Animal Psychology: How Squirrels Learn to Steal

Scientists interested in the ability of gray squirrels learn from watching other squirrels have come up with an ingenious (albeit a bit iffy from a moral perspective) study: teaching 'em to steal!

The study suggests that squirrels are primed to recognise other squirrels as potential food thieves. It also shows that they learn more quickly from real life observations.

Corresponding author Dr Lisa Leaver of the University of Exeter, said: "Our study is significant because it is the first to show that grey squirrels learn from observing others. It adds to growing evidence that all kinds of animals, from humans and other primates to many species of birds, learn from observation and that they have evolved to learn quickly about those things that are most important to their lives – in the case of grey squirrels, gathering and storing nuts."


From the Upcoming ueue, submitted by coconutnut.

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I'll believe that it's stealing when the animals start hiring squirrel lawyers to start arguing that it's not stealing when they do it to each other here.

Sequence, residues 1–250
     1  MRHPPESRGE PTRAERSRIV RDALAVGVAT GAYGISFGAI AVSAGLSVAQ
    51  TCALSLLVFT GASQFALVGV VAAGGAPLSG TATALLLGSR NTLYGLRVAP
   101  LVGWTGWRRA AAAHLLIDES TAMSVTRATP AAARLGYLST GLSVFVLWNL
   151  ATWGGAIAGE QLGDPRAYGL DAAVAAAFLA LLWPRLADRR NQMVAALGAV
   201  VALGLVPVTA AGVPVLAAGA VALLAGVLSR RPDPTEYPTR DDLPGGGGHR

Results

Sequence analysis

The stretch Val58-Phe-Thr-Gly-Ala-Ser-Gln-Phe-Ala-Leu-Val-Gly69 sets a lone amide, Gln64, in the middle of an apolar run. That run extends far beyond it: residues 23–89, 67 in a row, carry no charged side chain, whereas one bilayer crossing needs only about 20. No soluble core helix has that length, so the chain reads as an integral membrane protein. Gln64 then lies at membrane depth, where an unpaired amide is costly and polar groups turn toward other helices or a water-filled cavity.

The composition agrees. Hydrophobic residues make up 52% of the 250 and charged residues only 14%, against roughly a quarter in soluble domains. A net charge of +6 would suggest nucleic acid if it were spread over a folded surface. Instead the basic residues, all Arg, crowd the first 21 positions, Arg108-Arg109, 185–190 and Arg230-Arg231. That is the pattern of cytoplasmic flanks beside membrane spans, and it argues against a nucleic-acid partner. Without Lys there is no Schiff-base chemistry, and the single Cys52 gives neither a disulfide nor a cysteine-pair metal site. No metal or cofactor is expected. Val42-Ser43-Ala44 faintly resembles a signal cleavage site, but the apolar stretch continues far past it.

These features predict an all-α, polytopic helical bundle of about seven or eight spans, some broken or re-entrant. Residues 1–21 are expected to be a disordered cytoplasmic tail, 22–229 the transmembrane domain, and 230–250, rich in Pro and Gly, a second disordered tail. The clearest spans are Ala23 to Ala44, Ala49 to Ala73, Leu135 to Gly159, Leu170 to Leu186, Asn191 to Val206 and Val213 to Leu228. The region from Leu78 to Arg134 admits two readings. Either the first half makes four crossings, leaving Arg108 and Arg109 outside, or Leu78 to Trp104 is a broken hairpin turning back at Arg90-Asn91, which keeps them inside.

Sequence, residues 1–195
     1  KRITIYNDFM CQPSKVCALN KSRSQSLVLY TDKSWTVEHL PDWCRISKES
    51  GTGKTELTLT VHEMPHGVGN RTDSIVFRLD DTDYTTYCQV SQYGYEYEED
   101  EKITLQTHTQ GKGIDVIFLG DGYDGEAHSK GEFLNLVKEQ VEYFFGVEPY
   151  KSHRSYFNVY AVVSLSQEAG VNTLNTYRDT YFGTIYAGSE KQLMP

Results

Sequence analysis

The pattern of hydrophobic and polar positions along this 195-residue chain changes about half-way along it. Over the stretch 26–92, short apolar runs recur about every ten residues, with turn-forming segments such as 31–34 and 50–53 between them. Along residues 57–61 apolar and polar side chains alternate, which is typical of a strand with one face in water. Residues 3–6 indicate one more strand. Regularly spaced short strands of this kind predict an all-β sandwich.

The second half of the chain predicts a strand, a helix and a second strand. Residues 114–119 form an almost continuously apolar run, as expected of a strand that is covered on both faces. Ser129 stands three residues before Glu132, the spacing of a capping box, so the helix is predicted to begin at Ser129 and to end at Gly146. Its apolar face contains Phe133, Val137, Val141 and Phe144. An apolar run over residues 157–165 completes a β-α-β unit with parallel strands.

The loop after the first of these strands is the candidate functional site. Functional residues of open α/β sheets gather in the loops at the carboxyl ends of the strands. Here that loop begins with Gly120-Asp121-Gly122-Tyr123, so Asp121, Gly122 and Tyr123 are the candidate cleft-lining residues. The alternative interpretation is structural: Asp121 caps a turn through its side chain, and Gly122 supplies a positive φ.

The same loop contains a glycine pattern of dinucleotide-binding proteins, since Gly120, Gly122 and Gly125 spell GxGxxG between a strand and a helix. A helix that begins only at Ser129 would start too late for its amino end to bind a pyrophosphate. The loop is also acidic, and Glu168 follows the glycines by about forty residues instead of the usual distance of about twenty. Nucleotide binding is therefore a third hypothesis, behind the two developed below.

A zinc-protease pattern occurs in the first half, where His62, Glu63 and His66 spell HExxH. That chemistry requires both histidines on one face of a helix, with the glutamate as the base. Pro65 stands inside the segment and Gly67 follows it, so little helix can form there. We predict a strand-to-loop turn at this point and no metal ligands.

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Stealing implies a notion of the concepts of good and bad, mine and yours.
Do animals have such notions?

What I wonder is how far this abiliy goes- Waht makes that the ability to learn new tricks is there and what makes that some abilities at some point simply are out of reach?
Do squirrels or apes or birds or humans or whatever get more intelligent over the generations of learning? Do they really amass knowledge, or is there some finite level of being able to keep abilities learned?
Most of us humans at some point in age seem to somehow think that the need to learn is not there anymore. But by what factor(s) is that point defined?
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